Did Audi Capture the State of American Space Program in Super Bowl Commercial?

Lost in Time Credit: Audi

Lost in Time
Credit: Audi

Using Apollo imagery in commercials for major sporting events is certainly nothing new. In a 2014 spot for Cadillac, which played throughout the Winter Olympics, we left the keys in the lunar lander cause we had been there, done that and were “bored.” Besides, we were “the only ones going back.” It was pure braggadocio. Given the location of the 2014 Winter Games in Sochi, Russia, it may have been a bit of a jab as well.

The latest contribution comes from Audi, and is vastly different, poignantly capturing the sense of time slipping by and better days in the rear view mirror. An aging astronaut sits lost in time, surrounded by mementos of Mercury and Apollo, in a room with decor taken straight from the era. Only when his son calls him Commander, not “Dad,” and offers him the keys to a sleek Audi R8 does he begin to come alive.

 

Sadly, the timing could not have been more appropriate. The background track is David Bowie’s Starman. Bowie died on January 10th, and the last surviving Apollo 14 astronaut, Edgar Mitchell, passed away on February 4th, the 45th anniversary of the mission.

While the purpose of the commercial is to sell cars, specifically Audis, it also does a surprisingly astute job of capturing what many may feel is the state of the American space program. From the opening words, “Mr. President, thank you for choosing the Moon” to the closing text “choosing the Moon brings out the best in us,” it is difficult not to view in a broader context, whether that was the intention or not.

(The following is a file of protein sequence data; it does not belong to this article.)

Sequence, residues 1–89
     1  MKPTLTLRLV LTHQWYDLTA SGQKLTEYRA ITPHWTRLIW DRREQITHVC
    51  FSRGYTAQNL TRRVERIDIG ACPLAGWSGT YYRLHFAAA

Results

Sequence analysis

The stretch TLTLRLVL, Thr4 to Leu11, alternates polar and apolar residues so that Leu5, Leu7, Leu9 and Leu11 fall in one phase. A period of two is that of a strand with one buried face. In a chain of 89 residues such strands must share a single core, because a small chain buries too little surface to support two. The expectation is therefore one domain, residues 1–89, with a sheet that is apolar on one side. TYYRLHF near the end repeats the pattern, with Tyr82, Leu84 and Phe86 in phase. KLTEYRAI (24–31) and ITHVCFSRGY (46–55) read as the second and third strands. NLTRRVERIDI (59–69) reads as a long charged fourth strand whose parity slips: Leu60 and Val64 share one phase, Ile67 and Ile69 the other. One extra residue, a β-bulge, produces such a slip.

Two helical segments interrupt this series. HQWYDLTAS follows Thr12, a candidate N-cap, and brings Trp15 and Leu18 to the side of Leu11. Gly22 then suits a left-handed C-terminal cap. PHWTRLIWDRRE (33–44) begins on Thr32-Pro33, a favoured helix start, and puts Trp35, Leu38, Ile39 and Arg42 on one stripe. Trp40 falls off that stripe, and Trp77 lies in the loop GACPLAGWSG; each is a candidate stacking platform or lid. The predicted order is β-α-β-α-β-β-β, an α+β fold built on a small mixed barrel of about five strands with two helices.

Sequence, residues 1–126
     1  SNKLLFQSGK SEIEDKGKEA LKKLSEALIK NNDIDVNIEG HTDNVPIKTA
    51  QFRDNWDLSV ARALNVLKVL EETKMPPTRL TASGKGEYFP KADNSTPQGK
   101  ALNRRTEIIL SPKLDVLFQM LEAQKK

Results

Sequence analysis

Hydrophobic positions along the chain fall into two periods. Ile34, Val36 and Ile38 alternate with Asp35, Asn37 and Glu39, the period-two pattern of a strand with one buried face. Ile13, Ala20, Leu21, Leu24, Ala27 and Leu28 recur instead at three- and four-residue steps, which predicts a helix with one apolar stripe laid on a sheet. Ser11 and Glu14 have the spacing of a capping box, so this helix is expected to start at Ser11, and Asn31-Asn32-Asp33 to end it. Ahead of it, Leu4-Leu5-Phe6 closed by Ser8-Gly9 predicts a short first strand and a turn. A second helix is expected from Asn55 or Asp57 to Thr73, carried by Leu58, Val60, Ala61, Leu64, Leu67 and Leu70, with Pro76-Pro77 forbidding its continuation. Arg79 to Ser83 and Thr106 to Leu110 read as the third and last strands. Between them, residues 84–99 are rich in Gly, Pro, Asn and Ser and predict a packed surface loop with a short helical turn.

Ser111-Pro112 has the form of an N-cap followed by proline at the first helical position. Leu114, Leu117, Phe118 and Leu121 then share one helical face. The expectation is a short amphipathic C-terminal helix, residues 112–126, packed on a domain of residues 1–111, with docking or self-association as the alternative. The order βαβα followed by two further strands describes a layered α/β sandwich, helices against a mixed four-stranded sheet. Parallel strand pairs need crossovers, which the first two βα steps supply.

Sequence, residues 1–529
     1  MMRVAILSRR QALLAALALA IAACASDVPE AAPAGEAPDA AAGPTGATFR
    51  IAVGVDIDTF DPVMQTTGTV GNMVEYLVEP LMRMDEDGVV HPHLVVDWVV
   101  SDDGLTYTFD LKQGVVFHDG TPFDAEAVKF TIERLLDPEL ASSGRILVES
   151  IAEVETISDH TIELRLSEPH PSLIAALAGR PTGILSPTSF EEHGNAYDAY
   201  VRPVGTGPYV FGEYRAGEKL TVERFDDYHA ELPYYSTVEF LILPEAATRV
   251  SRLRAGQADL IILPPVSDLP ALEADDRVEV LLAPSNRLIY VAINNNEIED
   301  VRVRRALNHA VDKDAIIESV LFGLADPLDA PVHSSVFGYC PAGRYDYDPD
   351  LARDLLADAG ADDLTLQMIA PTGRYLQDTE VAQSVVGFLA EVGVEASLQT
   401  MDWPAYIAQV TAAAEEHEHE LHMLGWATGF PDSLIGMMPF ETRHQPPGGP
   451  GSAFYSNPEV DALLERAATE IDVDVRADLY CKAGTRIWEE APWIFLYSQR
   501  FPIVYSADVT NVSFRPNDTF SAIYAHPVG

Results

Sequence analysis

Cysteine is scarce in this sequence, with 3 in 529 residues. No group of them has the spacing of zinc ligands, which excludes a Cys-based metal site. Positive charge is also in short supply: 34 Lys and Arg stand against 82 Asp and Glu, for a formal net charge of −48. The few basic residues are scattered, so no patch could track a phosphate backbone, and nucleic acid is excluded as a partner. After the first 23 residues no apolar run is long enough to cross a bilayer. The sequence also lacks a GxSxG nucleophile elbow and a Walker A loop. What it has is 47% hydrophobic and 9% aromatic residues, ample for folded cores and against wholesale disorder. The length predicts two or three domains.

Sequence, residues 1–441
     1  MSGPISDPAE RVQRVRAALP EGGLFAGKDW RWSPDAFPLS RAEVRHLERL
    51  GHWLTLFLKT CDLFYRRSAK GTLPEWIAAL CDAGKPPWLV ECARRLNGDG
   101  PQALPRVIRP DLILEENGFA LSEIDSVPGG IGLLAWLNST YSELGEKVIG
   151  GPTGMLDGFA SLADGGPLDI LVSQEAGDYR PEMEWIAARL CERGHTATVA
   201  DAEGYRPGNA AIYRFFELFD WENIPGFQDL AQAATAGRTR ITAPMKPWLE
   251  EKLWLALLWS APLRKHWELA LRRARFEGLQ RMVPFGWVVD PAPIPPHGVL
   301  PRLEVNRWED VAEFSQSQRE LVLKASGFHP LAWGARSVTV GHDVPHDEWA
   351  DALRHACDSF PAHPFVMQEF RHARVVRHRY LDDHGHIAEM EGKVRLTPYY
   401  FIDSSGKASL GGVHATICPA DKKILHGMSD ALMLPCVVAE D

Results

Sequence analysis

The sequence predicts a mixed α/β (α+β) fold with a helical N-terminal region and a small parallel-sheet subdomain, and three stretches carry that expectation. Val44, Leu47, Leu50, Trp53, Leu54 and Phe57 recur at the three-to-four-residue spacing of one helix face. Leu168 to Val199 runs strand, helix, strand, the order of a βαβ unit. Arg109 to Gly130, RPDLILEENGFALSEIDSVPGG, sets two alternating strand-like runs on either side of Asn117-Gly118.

Given that it has been 44 years since the last Apollo astronaut walked on the Moon, Bowie’s lyrics fit, even though they were written in 1972:

“He told us not to blow cause he knows its all worthwhile” seems both a call back to the challenge of the era, as well as a scolding of what we haven’t done since. Perhaps another American President, one who made a point of not choosing the Moon is being scolded here as well. Or perhaps not.

Of course, it because of the enormity of the accomplishment that “shooting for the Moon” is now a part of the vernacular, and in this case Audi wants the prospective customer to associate its achievement in engineering the R8 with what NASA accomplished during the Apollo Program.

Compared to the Cadillac commercial though, which made an appeal to American exceptionalism, the Audi spot is deeply personal. The astronaut is lost in his own memories and the son simply wants his aging father to engage in life again. The car is the vehicle which makes the connection. In a broader sense, this may be the more important point. Many believe it will not be national pride, but instead individual desire which leads to a permanent expansion into space. Elon Musk and Jeff Bezos naturally come to mind, but both are banking on the belief that thousands, if not millions, will eventually ride on the rockets they build.

Assuming that Audi, a German car company, felt the need to make a comment on American space policy during the most American of events, is a vast stretch, even if the new Director General of the European Space Agency, and former head of the German Space Agency, is a passionate advocate for building a “lunar village.”  In all probability, it just happens to fit. That does not mean it is without value, particularly if it strikes a chord.

 

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